CCEE’s professional learning community model has promising first year, report finds

Teachers, who too often are left to work in isolation and lack instructional support or clear expectations, are struggling to help students rebound academically and personally post-pandemic.

Policy Analysis for California Education’s (PACE) December report What Does It Take to Accelerate the Learning of Every Child?: Early Insights from a CCEE School-Improvement Pilot outlines findings from the first year of the California Collaborative for Educational Excellence’s (CCEE) Intensive Assistance Model (IAM).

The three-year pilot school-improvement project, designed to build new approaches for teacher collaboration and student support, launched in 2022–23 in eight schools across five districts — the majority of which are receiving direct technical assistance from CCEE.

IAM’s primary focus is aiding schools in implementing the Professional Learning Community (PLC) at Work model, “which uses an intensive support and coaching process to empower teachers as instructional leaders through developing processes, structures, and culture that support collaborative planning, data analysis, and targeted interventions,” according to the report.

“Many local educational agencies across California would say that they have PLCs in place, but the effective implementation of the PLC at Work model is structurally different from how schools are typically organized,” the report states. “This model shifts schools from the traditional system of largely independent instructors to a community with collective responsibility for all students and their achievement.”

CCEE helped establish teacher/staff teams on each campus who regularly come together to identify essential standards, develop common assessments, analyze student data and find ways to tailor instruction and support to lift students’ academic success.

During the pilot period, the schools will take part in 40-50 days of intensive coaching from the national professional development service Solution Tree centered on creating and implementing the PLC at Work model.

Aligned with the tenants of continuous improvement and local control found in California’s current education policy approach, the model can be used with any curriculum or materials, according to the report, and most critically, it empowers teachers to make instructional decisions as a team.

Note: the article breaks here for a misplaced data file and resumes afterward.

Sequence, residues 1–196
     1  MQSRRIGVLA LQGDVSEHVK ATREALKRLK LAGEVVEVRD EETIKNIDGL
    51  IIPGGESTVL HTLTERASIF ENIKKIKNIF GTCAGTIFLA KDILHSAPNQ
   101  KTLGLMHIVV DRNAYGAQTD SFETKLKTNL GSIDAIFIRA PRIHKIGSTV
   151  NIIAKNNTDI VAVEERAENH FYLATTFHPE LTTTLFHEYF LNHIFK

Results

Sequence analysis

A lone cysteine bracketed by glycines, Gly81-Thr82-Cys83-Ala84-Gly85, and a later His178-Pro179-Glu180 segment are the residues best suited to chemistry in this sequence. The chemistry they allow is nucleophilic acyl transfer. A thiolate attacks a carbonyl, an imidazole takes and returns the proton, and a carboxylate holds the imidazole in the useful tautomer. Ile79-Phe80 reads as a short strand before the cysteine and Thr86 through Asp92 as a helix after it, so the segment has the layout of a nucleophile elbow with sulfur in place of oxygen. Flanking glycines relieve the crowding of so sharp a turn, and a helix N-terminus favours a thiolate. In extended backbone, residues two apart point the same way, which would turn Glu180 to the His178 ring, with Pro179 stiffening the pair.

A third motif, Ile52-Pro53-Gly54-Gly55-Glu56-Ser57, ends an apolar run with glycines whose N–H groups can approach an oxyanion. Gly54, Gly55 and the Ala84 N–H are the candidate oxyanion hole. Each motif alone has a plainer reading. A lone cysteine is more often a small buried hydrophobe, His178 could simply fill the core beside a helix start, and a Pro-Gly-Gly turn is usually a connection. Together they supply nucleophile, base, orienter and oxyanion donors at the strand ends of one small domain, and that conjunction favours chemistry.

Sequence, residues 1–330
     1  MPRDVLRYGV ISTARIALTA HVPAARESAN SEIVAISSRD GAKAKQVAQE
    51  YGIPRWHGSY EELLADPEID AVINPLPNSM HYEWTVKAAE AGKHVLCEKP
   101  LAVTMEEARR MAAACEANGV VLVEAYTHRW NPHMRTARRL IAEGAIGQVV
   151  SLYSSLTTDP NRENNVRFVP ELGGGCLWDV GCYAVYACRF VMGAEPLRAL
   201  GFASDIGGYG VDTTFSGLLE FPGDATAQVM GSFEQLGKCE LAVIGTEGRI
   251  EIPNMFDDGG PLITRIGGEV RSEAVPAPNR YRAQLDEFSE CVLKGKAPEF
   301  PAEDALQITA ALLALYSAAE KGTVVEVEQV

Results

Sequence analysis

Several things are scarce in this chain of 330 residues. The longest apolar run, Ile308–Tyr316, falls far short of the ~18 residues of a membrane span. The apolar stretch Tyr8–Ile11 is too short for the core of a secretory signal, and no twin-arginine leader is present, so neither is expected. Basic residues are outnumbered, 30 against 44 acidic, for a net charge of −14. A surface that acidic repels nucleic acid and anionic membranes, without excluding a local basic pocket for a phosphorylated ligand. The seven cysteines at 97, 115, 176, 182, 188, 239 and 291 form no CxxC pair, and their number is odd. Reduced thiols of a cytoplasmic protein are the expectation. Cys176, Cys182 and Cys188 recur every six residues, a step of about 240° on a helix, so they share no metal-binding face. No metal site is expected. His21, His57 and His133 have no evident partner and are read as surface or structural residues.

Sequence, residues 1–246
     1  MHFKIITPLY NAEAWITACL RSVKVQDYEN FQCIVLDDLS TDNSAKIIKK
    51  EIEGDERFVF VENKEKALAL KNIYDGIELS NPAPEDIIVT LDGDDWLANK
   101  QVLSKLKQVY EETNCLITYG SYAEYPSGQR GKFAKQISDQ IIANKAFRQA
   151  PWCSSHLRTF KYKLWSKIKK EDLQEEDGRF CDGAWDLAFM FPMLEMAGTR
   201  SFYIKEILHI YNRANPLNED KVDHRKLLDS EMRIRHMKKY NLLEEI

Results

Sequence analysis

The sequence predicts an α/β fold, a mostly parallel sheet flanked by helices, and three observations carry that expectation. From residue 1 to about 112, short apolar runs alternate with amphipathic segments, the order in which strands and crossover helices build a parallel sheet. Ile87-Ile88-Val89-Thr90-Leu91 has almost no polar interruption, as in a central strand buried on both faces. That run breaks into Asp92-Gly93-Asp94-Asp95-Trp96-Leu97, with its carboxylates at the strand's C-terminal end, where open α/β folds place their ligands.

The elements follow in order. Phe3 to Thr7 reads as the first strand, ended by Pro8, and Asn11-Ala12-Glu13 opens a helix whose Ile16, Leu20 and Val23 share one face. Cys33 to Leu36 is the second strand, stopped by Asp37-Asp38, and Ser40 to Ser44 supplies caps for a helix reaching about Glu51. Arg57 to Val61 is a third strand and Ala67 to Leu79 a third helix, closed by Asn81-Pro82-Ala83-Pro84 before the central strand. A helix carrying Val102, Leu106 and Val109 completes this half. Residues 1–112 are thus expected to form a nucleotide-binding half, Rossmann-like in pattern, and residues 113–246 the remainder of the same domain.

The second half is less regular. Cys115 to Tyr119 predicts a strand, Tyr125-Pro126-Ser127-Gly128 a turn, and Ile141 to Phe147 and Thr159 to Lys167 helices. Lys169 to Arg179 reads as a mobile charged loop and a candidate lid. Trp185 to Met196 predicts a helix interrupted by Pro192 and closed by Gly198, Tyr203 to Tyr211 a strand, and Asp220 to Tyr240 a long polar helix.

“This pilot has shown promise for creating schools that can quickly diagnose and collectively respond to students’ needs. Five of the eight participating schools shared evidence of improved academic outcomes after the first year of implementation, along with increases in teacher satisfaction, but to sustain and expand these positive gains, substantial school district support and leadership are required,” the report states.

Based on insights from the pilot’s first year and other relevant research, the elements that need to be present for the PLC at Work or similar models to work, include:

  • A site leadership team (guiding coalition) that represents all grades and subjects.
  • A minimum of one hour of collaboration time for teacher teams per week within the school day and an established culture and norms for the use of that time.
  • A principal who sees teacher collaboration as part of the school improvement plan and holds teachers accountable for using the collaboration time appropriately and for achieving improvement.
  • Common standards, curriculum and assessments.
  • Common digital data that track progress by student, subgroup and class/subject.
  • Systemic, immediate and personalized interventions shared across all teachers/staff for students who don’t reach learning targets.
  • Intensive support from content-level experts and coaches for teachers and leadership teams.

The report also shares possible barriers to implementation and solutions.

“Realizing the model’s potential requires the active engagement of district offices to align resources, remove barriers, and support effective teaching and learning systems. Barriers include lack of collaboration time, insufficient school-site staff, incoherence between district- and school-based work, and the cost of intensive coaching,” the report asserts. “These can be overcome with a focus on strengthening and aligning systems at the school, district, county, and state levels to center student learning and educator support.”